“I have a kind of controversial opinion about that,” one woman said. “Oh?” I asked, with interest. She leaned in and got close to the others in the group, a sure sign that she was going to say something that wasn’t popular or deemed socially acceptable. “I just have a problem with that whole ‘gender thing,’” she said. I looked at her, expressionless, waiting for her to go on. “I just think it’s weird,” she said, “And I don’t support it.” The rest of us waited, as she clearly intended to go on. “I mean, if you’re born with a penis, you’re a BOY. You can’t change that! Pretending to be a girl, I mean, you want everyone to call you a girl, I just can’t with that. I think it’s stupid. It’s not normal.”

Notwithstanding the science that disproves her statement, which I felt would be difficult to explain or defend in a small group setting, I asked her how it differed from someone wishing to be called by a nickname, or even someone changing their name with marriage. “You were named one thing at birth, then you ask to be called something else,” I said. “How does it affect you somehow, if someone asks to be called Maggie instead of Margaret, or you always knew them their whole life as Jane Smith and now they want you call them Jane McGillicuddy?” She just stared at me. You simply accept the change because it’s what the person prefers, I went on. How is that somehow bad or about you, what someone else prefers? “I just don’t understand it!” she exclaimed, throwing up her hands. “I don’t like it!”

I have a trans family member. I have gender fluid exes. At least 70% of my friend base are people who identify somewhere in the LGTBTQ+ spectrum. I’ve been talking to my son about these issues since he was little, exposing him to a wide variety of people and relationships, so that he wouldn’t label things he doesn’t understand as “weird,” but I know not everyone does that.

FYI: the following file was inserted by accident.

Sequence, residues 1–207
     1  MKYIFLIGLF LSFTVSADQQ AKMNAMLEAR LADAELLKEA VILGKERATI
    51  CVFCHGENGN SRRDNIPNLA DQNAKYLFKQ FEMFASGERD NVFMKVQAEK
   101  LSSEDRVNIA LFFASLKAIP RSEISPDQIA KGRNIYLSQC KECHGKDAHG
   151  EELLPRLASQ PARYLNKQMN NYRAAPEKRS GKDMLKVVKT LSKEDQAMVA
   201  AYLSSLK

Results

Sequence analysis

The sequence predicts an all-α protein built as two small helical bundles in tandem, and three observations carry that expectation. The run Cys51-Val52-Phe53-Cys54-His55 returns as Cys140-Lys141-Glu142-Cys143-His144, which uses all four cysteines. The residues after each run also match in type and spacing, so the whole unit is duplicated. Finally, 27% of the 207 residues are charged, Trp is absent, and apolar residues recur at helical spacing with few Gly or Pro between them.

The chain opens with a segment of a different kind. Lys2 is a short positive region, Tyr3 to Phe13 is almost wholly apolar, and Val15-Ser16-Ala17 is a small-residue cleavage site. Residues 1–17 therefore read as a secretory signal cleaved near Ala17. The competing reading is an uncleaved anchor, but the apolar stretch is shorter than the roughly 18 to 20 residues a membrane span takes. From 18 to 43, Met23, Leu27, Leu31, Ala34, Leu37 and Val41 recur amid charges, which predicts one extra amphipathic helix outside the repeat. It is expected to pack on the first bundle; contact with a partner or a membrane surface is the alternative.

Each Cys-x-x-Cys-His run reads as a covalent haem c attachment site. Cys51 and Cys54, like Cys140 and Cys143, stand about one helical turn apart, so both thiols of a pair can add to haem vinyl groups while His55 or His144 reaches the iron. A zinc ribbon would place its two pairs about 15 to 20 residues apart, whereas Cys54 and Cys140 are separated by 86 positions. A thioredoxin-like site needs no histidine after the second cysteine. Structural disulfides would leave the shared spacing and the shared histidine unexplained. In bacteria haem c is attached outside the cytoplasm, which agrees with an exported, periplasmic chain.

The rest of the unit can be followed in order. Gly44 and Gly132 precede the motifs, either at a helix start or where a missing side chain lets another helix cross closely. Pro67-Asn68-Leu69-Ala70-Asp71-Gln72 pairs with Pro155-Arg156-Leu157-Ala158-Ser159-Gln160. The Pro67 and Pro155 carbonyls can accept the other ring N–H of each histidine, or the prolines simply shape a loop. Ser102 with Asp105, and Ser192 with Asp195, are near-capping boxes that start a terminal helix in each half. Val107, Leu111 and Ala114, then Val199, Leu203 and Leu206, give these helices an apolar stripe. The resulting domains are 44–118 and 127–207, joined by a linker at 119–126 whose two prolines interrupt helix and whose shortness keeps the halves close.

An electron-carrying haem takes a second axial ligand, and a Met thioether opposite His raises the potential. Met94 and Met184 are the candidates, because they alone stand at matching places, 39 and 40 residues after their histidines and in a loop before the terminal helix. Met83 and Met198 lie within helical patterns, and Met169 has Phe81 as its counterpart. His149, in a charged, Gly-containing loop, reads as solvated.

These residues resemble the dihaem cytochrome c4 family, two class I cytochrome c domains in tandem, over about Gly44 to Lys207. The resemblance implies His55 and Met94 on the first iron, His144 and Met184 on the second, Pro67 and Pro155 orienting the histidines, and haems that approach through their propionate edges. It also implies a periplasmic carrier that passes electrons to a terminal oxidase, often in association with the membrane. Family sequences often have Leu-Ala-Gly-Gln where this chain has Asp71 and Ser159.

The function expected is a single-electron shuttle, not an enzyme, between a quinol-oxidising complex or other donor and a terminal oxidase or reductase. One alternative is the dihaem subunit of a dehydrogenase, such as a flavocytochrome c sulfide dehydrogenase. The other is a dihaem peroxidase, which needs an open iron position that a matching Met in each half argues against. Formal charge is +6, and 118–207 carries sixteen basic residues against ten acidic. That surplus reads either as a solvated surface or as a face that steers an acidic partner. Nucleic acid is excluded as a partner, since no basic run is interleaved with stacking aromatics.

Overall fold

“You don’t have to understand it,” I said. “That’s the thing.” I explained how my son didn’t “understand” when our family member came out as trans years ago, and I told the woman what I told my son at the time: It doesn’t affect you, just like someone changing their name. It’s simply what they prefer. It’s their personal business, and that’s all you have to know. You don’t need to “understand” it. You just need to respect it, accept what they are telling you as their truth, and treat people the way they want to be treated. Why is that so hard?

Inside, I was appalled and upset, but I tried not to show it. This woman is a nice person. She has spoken to her children about how bullying is wrong, as it is part of the school’s credo to have a “zero tolerance” for bullying, and all parents are required to talk to their children about it. But apparently that hasn’t translated yet to acceptance of all people, and that is disappointing.

I could see that I made her uncomfortable in our conversation, which ended shortly thereafter, though it was still friendly. She had admitted she knew her position was wrong, or at least not socially acceptable or otherwise controversial, but she said it anyway. I feel that we have to work to change minds and hearts like this. You can’t wave a flag saying bullying is wrong and then teach your kids through your own language and behavior that being what you think of is “different” in some fashion is “weird” or wrong or bad, and that you don’t accept it.

This is obviously very important to me. Even if I can only work on one person at a time, I want to change how people who are “different” are accepted. I want people to keep their mouths shut if they don’t like someone else’s choices. It’s personal. I was so poorly treated simply for being “different” (unrelated to gender) throughout my school years, I just can’t stand that for anyone else. I will push for people to accept folks for being the way they are, the way that makes them feel good. I will push my son on it, and I will push other suburban moms on it as well, even if it makes them uncomfortable.

Lives depend on it.

Different is cool.